Joe Moore / Valley Public Radio

A bill that aims to deliver more water to San Joaquin Valley farms has passed the Republican-controlled U.S. House of Representatives.

The Western Water and American Food Security Act would change the way the government manages both water in the Sacramento San Joaquin Delta and threatened species. Supporters say it would allow more water to be captured from early season storms, while still protecting the environment.

Valley Republican David Valadao authored the bill. He says existing regulations not only hurt farmers, they also aren't helping fish.

Efforts To Restore Spring-Run Salmon On San Joaquin River Move Ahead

Feb 18, 2015
State Department of Water Resources

State and federal fish and wildlife agencies will take a significant step today in restoring what was once the largest salmon run in California. As Amy Quinton reports from Sacramento, thousands of hatchery-raised spring-run Chinook salmon will be released into the San Joaquin River.

Wildlife Agencies See Near Collapse Of 2014 Salmon Species

Jan 27, 2015
Joe Moore / Valley Public Radio

California and federal wildlife agencies say the entire winter-run of naturally-spawning Chinook salmon may have collapsed in 2014. As Amy Quinton reports from Sacramento, the agencies will begin releasing triple the number of hatchery-raised juveniles next week.

High water temperatures in the Sacramento River last summer and fall caused 95-percent of winter-run salmon egg and fry to die.

Maria Rea: “I think this is really unprecedented really that we’ve seen this level of temperature mortality.”

State and Federal Agencies Announce Salmon Restoration Plans

Jul 22, 2014
Joe Moore / Valley Public Radio

Federal and state agencies Tuesday announced their plans for restoring endangered salmon and steelhead populations in California’s Central Valley.

The National Oceanic and Atmospheric Administration plan will include re-introducing winter-run Chinook at cold water pools in Northern California and monitoring the water temperature to make sure it’s safe.  

Chuck Bonham with the  California Department of Fish and Wildlife says the ecosystem restoration plans could take 50 years or more to achieve the desired result.

Drought Operation Plan For Two Water Projects Released

Apr 10, 2014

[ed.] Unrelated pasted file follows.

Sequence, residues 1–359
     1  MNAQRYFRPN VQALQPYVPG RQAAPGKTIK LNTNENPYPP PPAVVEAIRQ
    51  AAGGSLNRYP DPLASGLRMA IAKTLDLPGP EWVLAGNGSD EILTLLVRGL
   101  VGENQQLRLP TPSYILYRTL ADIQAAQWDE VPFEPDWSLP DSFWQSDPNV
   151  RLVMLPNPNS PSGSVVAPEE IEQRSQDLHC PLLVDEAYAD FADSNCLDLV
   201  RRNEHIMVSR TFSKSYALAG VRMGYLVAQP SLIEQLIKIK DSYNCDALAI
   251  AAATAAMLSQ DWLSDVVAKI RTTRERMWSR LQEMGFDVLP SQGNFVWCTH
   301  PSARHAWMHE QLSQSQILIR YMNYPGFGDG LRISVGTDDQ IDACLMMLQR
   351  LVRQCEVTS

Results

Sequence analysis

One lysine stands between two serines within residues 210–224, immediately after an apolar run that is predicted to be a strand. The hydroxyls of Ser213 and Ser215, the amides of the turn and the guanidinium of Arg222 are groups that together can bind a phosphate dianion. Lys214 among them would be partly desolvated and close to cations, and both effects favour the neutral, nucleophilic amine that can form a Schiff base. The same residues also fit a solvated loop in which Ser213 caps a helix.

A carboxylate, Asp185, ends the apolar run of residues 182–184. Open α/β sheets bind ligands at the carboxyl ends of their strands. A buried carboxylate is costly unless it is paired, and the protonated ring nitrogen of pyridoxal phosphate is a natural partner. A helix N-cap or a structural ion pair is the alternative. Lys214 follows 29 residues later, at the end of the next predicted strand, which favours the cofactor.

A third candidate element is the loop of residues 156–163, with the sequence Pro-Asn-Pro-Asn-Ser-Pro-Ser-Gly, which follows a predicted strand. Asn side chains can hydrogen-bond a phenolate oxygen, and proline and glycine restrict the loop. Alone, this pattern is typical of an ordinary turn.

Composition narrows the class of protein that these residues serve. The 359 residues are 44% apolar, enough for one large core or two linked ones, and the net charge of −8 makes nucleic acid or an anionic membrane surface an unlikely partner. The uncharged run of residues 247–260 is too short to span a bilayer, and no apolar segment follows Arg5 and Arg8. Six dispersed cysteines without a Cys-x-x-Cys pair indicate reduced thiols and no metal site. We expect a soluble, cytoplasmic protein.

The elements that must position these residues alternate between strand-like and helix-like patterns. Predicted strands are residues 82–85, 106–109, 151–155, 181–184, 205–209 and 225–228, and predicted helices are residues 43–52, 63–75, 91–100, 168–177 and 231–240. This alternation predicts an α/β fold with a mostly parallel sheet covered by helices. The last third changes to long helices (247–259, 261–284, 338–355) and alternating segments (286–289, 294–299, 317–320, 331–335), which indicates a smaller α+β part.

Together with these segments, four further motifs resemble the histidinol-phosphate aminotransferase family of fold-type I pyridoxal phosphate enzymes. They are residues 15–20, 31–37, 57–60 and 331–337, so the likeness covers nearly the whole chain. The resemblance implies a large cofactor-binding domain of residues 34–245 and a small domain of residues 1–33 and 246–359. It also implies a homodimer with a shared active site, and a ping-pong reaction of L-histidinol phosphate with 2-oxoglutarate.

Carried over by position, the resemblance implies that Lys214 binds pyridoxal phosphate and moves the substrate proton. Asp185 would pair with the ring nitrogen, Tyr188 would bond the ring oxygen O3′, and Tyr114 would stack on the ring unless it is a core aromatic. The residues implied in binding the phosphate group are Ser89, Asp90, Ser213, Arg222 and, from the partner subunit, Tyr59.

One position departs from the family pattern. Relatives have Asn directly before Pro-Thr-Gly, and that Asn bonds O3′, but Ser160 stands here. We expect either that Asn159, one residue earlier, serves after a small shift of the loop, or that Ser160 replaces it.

Joe Moore / Valley Public Radio

California and federal agencies released a plan Wednesday about how they’ll operate the state and federal water projects during the drought. As Amy Quinton reports from Sacramento, the plan does not change water allocations.

The operations plan provides a guideline of how the two water systems will deal with the drought from now until November.  It looks at two different scenarios. One assumes much drier conditions than the other. Maria Rea with the National Marine Fisheries Service says under both scenarios winter-run Chinook salmon are at risk.

San Joaquin River Restoration Hits Snags

Dec 30, 2013
State Department of Water Resources

It’s been almost eight years since the U.S. Bureau of Reclamation began its program to restore the San Joaquin River. In the 1940’s Friant Dam and irrigation diversion dried up 60 miles of California’s second largest river. Historic salmon runs disappeared. This January is the deadline for the program to restore enough water to the San Joaquin to eventually allow runs of Chinook salmon. But as Amy Quinton reports from Sacramento, the restoration program has been plagued by delays and increased costs.

Ezra David Romero / Valley Public Radio

This week on Valley Edition we take a look at Fresno State football, veterans, the possibility of a new town in the region, water issues in the region and more.

Beginning the program, Valley Edition Host Joe Moore talks with Paul Swearengin, host of the Paul Swearengin Sports Podcast, about Fresno State Football. The two discuss the dispute over the team’s name, mascot, gangs and more.

Joe Moore / Valley Public Radio

California is on course for what could be its driest year on record. Those were the sobering words from scientists with the National Weather Service in Sunday's San Francisco Chronicle. And after two dry years, the relative lack of rain and snow is putting a great strain on the state's precious water resources. 

But there's another big water story in our backyard - the restoration of the San Joaquin River.